Rumination in Interpersonal Relationships: Does Co-rumination Explain Gender Differences in Emotional Distress and Relationship Satisfaction Among College Students?
Rose (Child Dev 73:1830–1843, 2002) found evidence that co-rumination accounts for girls’ greater emotional distress as well as their greater friendship satisfaction compared to boys. Co-rumination is defined as a passive, repetitive discussion of symptoms or problems with a close other. The present study explored the associations between co-rumination in various types of close relationships and both emotional distress and relationship satisfaction in college students. First, confirmatory factor analyses demonstrated that co-rumination is distinct from depressive rumination. Further, co-rumination with one’s closest friend mediated the relationship between gender and both depressive symptoms and friendship satisfaction. Specifically, females reported higher levels of co-rumination with their closest friend, which in turn, predicted their higher levels of depressive symptomatology and friendship satisfaction. In contrast, there were no gender differences in co-rumination in other close relationships, and for the most part, co-rumination in these relationships was not associated with gender differences in emotional distress or relationship satisfaction. Therefore, co-rumination in close friendships may be particularly important in understanding the higher levels of both depression and relationship satisfaction among females compared to males.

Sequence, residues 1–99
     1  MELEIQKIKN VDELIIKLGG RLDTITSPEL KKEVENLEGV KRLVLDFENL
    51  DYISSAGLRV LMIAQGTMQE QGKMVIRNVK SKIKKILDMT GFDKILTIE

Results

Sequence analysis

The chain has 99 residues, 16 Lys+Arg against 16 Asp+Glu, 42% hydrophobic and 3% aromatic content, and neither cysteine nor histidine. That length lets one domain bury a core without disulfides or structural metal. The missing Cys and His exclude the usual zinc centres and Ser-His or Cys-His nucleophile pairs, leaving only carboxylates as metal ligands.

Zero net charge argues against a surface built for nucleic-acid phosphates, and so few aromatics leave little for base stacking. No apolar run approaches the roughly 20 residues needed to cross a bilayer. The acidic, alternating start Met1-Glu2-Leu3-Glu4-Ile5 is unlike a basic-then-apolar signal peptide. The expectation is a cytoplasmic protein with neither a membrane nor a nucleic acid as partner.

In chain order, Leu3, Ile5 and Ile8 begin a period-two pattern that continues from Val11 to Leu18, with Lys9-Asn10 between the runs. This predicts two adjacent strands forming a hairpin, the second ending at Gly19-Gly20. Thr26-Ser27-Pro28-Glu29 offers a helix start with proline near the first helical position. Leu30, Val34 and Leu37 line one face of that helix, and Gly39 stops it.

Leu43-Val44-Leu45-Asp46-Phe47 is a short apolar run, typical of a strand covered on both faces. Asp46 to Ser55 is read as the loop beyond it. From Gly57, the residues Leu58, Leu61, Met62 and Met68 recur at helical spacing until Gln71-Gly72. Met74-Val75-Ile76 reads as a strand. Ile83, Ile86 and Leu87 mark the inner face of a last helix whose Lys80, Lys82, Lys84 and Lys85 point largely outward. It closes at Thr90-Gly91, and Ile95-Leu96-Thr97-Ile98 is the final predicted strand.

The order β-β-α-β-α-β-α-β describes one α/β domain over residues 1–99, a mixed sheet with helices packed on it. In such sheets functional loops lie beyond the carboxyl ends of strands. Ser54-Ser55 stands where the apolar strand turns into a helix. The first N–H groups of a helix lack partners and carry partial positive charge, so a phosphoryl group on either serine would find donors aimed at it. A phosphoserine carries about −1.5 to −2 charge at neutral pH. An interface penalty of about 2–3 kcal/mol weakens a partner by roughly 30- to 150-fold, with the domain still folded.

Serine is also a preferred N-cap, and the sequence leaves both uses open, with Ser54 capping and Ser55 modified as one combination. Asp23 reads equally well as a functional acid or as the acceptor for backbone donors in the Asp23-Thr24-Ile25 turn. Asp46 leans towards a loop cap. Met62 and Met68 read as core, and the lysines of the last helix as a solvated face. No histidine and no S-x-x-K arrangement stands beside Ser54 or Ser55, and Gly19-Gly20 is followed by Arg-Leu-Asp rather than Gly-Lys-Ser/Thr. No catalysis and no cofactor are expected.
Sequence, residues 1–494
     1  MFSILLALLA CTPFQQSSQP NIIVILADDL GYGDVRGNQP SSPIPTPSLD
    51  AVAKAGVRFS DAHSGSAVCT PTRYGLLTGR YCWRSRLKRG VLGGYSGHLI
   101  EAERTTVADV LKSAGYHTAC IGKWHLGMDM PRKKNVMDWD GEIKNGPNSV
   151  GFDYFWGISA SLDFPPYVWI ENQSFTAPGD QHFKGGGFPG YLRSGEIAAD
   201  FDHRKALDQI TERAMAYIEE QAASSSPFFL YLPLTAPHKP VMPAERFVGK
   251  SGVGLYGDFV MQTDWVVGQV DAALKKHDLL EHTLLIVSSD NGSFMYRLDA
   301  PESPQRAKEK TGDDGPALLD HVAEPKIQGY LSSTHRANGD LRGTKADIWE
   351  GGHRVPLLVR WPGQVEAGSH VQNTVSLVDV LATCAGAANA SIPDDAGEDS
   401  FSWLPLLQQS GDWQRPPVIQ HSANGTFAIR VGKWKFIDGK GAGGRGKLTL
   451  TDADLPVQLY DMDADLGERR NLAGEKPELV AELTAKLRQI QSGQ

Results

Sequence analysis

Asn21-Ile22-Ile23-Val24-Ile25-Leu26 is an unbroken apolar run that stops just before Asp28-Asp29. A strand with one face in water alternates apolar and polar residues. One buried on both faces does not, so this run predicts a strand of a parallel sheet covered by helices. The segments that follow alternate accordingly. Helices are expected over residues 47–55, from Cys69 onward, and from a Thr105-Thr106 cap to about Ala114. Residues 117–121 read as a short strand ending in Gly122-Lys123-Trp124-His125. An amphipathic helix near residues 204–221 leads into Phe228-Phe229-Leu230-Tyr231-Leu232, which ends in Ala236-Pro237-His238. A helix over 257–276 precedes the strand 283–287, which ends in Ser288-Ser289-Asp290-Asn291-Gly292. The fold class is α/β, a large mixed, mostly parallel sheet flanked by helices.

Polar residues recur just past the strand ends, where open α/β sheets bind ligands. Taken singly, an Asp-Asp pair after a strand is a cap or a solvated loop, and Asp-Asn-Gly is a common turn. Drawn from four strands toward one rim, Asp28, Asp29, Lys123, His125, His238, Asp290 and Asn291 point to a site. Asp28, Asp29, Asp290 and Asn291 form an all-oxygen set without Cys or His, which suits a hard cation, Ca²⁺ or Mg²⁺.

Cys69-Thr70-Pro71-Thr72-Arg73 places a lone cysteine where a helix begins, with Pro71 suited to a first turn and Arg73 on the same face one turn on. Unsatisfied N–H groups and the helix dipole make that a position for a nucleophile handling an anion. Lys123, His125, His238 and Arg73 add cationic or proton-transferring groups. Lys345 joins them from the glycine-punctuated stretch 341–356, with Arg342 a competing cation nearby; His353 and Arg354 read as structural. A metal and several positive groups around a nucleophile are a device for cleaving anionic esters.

KeywordsRumination Co-rumination Social support Depression Anxiety Interpersonal Distress Relationship satisfaction
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